Let me explain, the rise of online streaming has introduced me to Twitch, mainly used for gaming but a quality platform for live DJs, where I listen to the banter and call outs by DJs like I used to via radio many moons ago (I was a huge John Peel fan), with services like Spotify and Youtube you can forget there can be a more personal side of music. There’s the Old Skool Rave stories told by DJ Brisk, to supporting the music by virtually buying them a pint. Checking in with shows over the weeks has been fun. I catch Hardy T for my R’n’b and soulful needs on Saturday 3 till 5 pm on The Music Galaxy Radio (he really is the nicest guy). If am still alive I listen in to DJ Zee from Ilkeston based Apollo radio – usually an 8pm start has also regularly started on a Friday night from 7.30pm. He plays a mix of allsorts but Fridays is more party and hi-energy dance stuff to fuel up the weekend. But this schedule is going to be thrown into disarray – yes, lurking on the horizon is live music faintly making its way back to us!

My first glimpse of anything remotely live was at The Victoria Hotel. At first I was unsuccessful in managing to secure a seat outside but luckily there was some football match or other on, and people began to disperse to watch the big game. We grabbed a table and for an hour sat dreamily supping a pint while Kelly’s Heroes poured beautiful renditions of ‘Dirty Old Town’ and ‘Whiskey in the jar’ into my awaiting ear holes. Creeping up in the live calendar is also Richie Muir on September 12th and The Brace Friday 24th September.

Please note that I do not have a crystal ball and there is a possibility that things may move or get cancelled, I guess what I am saying is correct at the time of going to print.

But wait, theres more! Schuggie who organises Ceilidhs and has been entertaining us throughout the lockdowns with online events is returning to hosting actual events at the Boat and Horses. The events are dance at your own risk as it is close proximity dancing, however there will be hand sanitizer and those attending will be encouraged to track and trace. For more information search for ‘Schuggies Ceilidhs’.

Local Beeston band CodeOut are set to perform ‘Covers that people usually hide under’ when they play at Vat and Fiddle Nottingham for their upcoming shindig festival. It is usually a ticketed event, at the time of writing there is no details yet on entrance fees.

Phewww, isn’t it nice to be getting social again? I feel like a cautionary word is in order, play nice, play fair and play safe, till next time.

LD

Mega Extra Beasty Beats Edition

Confession time. I have had a major crush on records for most of my entire life, although I am not able to tell you why or how it happened, I was drawn to record shops like Orbit Records in Long Eaton or Selectadisc in Nottingham like a moth to a flame. I have spent many a day idly scanning the treasures in Rob’s Records while also trying to ignore the OCD in me that screams that there needs some kind of order to his hectic ongoing collection. It’s the artwork, the ownership, the fact that records are living a well over due resurgence. I decided to chat with fellow local record enthusiast Rory James about love, life, his 10 most influential albums and all things musical…

“First vinyl I ever bought. I am not fully sure, as I have been collecting since I was about 8-10 years old. I think it was a second hand copy of Metallica’s Master of Puppets. Metallica had come on my horizon and I thought wow, who are they? Then played them so much that I killed them beyond repair. My first ever purchases of music were actually tapes.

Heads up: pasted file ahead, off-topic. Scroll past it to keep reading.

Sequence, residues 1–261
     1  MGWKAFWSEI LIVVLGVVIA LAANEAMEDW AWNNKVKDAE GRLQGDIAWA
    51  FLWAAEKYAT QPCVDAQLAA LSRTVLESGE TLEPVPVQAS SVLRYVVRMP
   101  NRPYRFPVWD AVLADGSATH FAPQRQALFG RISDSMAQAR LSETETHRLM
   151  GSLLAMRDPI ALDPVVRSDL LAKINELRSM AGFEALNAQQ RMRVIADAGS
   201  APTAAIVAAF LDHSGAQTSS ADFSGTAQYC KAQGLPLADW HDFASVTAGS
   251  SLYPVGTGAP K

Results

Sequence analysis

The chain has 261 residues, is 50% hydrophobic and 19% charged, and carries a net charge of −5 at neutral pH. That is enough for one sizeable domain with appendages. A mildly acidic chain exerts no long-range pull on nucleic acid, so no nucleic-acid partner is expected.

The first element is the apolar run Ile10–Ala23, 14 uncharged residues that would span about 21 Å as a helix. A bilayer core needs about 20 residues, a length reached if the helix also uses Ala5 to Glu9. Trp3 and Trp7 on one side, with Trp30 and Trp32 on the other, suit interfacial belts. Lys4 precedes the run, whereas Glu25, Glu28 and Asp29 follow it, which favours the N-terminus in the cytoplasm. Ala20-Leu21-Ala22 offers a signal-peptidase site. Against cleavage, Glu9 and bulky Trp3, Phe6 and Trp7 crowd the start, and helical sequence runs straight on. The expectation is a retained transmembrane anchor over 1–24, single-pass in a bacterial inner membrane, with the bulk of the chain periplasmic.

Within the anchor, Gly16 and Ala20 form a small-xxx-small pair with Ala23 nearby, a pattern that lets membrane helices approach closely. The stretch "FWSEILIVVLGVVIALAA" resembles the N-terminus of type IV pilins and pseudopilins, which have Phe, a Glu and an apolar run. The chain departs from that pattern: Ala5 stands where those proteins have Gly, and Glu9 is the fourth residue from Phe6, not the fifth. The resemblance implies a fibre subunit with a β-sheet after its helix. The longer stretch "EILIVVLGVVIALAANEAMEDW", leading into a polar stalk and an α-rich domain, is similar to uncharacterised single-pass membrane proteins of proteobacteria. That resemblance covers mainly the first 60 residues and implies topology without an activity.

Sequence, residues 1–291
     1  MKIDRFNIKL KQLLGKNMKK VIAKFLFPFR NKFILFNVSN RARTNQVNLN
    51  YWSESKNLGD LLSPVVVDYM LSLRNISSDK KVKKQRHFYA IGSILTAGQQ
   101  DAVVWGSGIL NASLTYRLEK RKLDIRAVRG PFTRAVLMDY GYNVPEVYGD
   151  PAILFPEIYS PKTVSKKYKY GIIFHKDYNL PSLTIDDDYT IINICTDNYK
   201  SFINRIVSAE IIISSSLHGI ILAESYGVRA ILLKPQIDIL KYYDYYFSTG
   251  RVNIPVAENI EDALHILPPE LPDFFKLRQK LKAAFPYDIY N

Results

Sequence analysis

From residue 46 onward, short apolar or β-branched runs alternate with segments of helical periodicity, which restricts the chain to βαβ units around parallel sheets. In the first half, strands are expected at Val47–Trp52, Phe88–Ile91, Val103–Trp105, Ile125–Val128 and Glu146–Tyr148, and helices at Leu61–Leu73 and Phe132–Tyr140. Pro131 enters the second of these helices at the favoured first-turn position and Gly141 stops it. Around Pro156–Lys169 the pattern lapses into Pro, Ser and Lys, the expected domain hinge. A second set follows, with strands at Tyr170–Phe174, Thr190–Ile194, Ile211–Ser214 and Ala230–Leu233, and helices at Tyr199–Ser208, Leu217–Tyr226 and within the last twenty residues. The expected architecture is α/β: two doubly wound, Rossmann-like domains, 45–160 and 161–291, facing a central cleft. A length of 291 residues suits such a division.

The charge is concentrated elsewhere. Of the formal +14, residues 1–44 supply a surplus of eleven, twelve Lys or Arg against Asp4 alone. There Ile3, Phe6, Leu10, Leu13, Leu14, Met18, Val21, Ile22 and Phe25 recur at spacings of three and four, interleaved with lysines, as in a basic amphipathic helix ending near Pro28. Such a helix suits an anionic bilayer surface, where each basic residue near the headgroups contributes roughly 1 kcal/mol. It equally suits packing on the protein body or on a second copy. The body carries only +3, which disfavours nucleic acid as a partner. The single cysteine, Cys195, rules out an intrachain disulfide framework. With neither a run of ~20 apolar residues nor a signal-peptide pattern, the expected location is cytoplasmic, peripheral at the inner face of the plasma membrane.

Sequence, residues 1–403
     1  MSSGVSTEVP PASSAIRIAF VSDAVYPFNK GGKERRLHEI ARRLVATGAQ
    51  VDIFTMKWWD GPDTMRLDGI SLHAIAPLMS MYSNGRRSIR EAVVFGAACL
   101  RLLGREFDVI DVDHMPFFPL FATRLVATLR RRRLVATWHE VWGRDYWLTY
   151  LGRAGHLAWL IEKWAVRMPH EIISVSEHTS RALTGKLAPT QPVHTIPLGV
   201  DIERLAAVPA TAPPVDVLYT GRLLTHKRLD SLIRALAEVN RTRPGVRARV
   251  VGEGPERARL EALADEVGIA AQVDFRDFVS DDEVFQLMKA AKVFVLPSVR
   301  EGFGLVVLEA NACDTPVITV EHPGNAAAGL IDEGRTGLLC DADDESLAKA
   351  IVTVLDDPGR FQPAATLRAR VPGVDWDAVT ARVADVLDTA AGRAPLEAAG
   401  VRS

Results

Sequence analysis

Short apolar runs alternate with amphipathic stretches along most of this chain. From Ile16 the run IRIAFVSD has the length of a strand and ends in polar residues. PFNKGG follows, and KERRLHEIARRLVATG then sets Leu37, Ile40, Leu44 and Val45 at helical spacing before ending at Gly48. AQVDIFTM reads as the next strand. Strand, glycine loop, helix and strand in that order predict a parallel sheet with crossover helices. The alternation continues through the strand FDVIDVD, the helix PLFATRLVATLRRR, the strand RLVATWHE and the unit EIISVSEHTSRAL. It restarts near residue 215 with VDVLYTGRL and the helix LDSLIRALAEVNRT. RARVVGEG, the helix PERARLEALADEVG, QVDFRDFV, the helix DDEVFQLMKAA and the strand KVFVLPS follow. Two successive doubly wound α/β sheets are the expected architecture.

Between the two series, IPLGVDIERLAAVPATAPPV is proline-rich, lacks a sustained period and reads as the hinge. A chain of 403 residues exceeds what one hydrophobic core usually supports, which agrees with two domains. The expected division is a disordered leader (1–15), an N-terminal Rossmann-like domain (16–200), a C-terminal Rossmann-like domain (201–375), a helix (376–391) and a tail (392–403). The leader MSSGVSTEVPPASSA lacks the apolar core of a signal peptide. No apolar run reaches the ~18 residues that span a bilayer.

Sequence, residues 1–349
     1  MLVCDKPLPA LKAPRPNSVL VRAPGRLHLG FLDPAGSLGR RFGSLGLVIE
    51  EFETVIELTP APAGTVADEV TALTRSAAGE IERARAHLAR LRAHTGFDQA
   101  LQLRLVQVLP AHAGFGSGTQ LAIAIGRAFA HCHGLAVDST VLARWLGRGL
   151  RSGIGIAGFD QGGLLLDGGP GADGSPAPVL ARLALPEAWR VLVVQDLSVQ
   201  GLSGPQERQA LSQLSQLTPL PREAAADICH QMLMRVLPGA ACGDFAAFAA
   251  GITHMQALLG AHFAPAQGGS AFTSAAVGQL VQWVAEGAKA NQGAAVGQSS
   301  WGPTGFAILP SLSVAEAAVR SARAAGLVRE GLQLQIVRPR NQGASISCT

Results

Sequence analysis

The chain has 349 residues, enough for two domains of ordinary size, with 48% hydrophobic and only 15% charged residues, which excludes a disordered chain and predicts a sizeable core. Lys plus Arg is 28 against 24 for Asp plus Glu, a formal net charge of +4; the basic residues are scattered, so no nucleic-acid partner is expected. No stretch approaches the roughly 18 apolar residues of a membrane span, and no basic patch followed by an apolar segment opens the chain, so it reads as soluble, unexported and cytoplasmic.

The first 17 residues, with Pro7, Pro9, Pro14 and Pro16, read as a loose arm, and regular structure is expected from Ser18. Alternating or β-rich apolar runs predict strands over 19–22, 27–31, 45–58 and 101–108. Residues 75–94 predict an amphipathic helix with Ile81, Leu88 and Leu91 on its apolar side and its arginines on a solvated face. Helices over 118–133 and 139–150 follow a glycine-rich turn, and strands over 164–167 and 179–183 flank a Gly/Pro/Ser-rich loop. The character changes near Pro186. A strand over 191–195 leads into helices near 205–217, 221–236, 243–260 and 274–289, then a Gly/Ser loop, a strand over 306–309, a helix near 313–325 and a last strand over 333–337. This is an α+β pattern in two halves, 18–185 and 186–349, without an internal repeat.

I was living in Hull where I was born and had really started to focus on music. It was the late 70’s/early 80’s and music had caught my attention massively with Toyah and Adam and the Ants, as well as many other new wave/punk and electro acts of the time mostly via TV. 

I had been saving my money to buy myself some music and I bought three albums all on tape as my first ever music purchase. These were The Beatles ‘Sergeant Pepper’s Lonely Hearts Club Band’, ZZ Top ‘Eliminator’ and The Cars ‘Greatest Hits’. I still own the tapes even now.

Music was actually in the blood for me without me knowing it. Mum was a massive fan of The Doors and many other bands from back in the 60’s and 70’s, my dad played guitar in a band and sang and they named me in part after his guitar hero Rory Gallagher. 

I was heavily influenced by the whole hippy rock thing my parents were into. My actual earliest memory of owning vinyl would have been a record I still own now. It’s not the original copy from back then, but I re-found it in recent years as a collector, which massively brought memories flooding back. It was a Disney record for Mickey Mouse’s Christmas. 

I also remember before moving from primary school to secondary school when electro music and hip hop hit the airwaves. At that age I was trying to work out my own identity. I got massively into Michael Jackson for a short while, then discovered Metallica, WASP, Sabbat, Bon Jovi, Guns ‘n’ Roses, Def Leppard and so on. 

My mate at the time who lived not too far away was a huge rock and metal fan. Alister was his name, he showed me WASP records and lots of skater thrash bands and that was it. I was hooked on the whole thrash metal scene. Oh yeah, and then came along Iron Maiden with their images of Eddie. I bought myself a denim jacket, lots of band patches mainly of Maiden and grew my hair long.

By the time I was 15 we moved to Nottingham. I’d watched a documentary on TV by Arena all about the UK rock and metal scene, had seen Rock City on it and a load of head bangers moshing around the dance floor and ‘I thought I want to go there one day’. Let’s just say I lived in Rock City from the age of about 17 right through into my early 30’s. So music and vinyl have been massive parts of my life.

Musically, vinyl was always in the house as a kid, I loved the sound, the crackles and the pops. The other reason I loved it and still do is the artwork, that fact you had something to look at, read, explore, work out what was engraved on the run out in the centre of the record and the messages you could find from the bands to the fans. It was and always has been a journey.